Under high current loads, there can be large changes in the voltage drop across the ground wiring that goes back to the negative battery cable. If the engine sensors ground is combined with power ground, the computer will see these changes in the ground as a change in sensor input. This voltage change is very undesirable for reliable computer operation, so the engine sensors all have a separate shared ground.
The engine mounted sensors all have outputs of 5 volts or less. Therefore, any small changes in voltage seen by the computer analog signal inputs can have a large effect in engine performance. Signal ground is used in many circuits that have analog inputs to eliminate the voltage drop across the engine block and body grounds when current flows through them. There is very little current flowing through the signal ground and the voltage drop across the signal ground is so small that it can be ignored by the computer.
The voltage output of any sensor must always use the signal ground for the sensor under test in order to eliminate any errors or variances. That way, what the voltmeter sees is what the computer sees unless there is a problem with the sensor wiring.

Here's a repeat of the testing process for signal ground problems in case you missed something....

The 91 and later Mustangs will have a different color signal ground wire in the body side of the circuit . The wire colors for the engine mounted fuel injector harness are the same.. See the diagrams below for more help

Disconnect the positive battery cable to insure correct results when measuring the resistance of grounds. The small voltage drop that is often in a circuit can cause erroneous readings. Since the computer and several other things still draw current even with the ignition switch in the Off position, this is a necessary step.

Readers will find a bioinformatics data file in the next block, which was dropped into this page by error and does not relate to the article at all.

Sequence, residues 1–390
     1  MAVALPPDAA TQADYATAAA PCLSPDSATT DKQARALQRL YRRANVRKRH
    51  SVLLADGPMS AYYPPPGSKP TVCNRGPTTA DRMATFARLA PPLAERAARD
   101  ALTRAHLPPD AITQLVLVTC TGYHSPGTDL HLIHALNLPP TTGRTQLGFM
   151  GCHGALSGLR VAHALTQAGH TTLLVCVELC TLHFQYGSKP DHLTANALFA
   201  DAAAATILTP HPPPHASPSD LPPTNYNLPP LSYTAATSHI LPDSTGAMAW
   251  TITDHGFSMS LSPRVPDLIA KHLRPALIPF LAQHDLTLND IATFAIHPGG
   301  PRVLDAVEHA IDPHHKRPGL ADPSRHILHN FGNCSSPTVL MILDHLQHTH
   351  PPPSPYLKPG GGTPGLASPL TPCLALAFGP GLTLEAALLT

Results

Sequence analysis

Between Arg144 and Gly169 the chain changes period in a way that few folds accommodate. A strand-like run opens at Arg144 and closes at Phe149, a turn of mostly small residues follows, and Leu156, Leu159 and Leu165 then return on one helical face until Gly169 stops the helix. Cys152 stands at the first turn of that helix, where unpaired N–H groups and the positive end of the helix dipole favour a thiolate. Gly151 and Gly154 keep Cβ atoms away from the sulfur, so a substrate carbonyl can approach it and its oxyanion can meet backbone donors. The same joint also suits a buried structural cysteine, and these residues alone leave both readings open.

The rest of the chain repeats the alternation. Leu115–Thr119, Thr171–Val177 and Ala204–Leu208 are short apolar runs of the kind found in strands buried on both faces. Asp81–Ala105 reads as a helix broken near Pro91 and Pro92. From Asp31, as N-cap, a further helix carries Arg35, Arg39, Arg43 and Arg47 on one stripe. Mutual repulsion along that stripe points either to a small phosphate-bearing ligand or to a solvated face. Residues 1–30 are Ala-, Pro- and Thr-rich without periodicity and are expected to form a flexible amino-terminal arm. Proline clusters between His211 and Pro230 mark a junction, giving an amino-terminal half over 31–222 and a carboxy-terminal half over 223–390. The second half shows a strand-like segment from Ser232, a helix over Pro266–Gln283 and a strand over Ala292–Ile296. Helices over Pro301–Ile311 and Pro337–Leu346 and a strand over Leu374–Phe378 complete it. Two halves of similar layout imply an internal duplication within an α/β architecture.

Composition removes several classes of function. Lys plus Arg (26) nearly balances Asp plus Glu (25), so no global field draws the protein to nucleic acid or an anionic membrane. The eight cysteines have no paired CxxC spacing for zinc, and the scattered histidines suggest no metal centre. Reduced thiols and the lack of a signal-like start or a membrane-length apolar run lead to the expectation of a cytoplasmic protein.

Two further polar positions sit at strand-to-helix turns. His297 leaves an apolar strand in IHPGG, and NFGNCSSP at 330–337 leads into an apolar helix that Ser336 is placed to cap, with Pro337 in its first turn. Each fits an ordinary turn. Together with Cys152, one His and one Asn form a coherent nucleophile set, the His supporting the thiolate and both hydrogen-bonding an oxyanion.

Check the black/white wire resistance. Connect one ohmmeter lead to the black/white wire on the TPS and one lead to the negative post on the battery. You should see less than 1.5 Ω; more than that indicates a problem. Always take resistance measurements with the circuit powered off.

Check the resistance of the black/white signal ground on the MAP/BARO sensor on the firewall behind the upper intake manifold. The resistance should be less than 1.5 Ω If the resistance value of the black/white signal ground on the MAP/BARO is1.5 Ω and the TPS is higher or doesn't read at all, then there is a problem in the engine mounted fuel injection harness or the 10 pin connector


Clean the 10 pin salt & pepper shaker connectors.
Diagram courtesy of Tmoss & Stang&2birds
TPS_IAB_Pic.jpg


See the graphic for the 10 pin connector circuit layout.
68512.jpg

The injector power pin is the VPWR pin in the black 10 pin connector. [/b]


How it is supposed to work:
The black/white wire (computer pin 46) is signal ground for the computer. It provides a dedicated ground for the EGR, Baro, ACT, ECT, & TPS sensors as well as the ground to put the computer into self test mode. Since it is a dedicated ground, it passes through the computer on its way to the computer main power ground that terminates at the battery pigtail ground. It should read less than 1.5 Ω when measured from anyplace on the engine harness with the battery pigtail ground as the other reference point for the ohmmeter probe. What sometimes happens is that it gets jumpered to power which either burns up the wiring or burns the trace off the pc board inside the computer. That trace connects pins 46 to pins 40 & 60, which are power ground for the computer.

See the pictures below for help finding and fixing the burnt computer trace.


hash-146a243133771eeba54f17b17d721b1f-jpg.jpg


The fix is some careful soldering of a small jumper wire across the burnt section of copper trace.




How to test the wiring:

Disconnect the positive battery cable to insure correct results when measuring the resistance of grounds. The small voltage drop that often in a circuit can cause erroneous readings. Since the computer and several other things still draw current even with the ignition switch in the Off position, this is a necessary step.

With the power off, measure the resistance between the computer test ground (black/white wire) on the self-test connector and battery ground. You should see less than 1.5 Ω



If that check fails, remove the passenger side kick panel and disconnect the computer connector. There is a 10 MM bolt that holds it in place. Measure the resistance between the black/white wire and pin 46: it should be less than 1.5 ohms. More than 1.5 ohms is a wiring problem. If it reads 1.5 ohms or less, then the computer is suspect. On the computer, measure the resistance between pin 46 and pins 40 & 60: it should be less than 1.5 ohms. More than that and the computer’s internal ground has failed, and the computer needs to be repaired or replaced.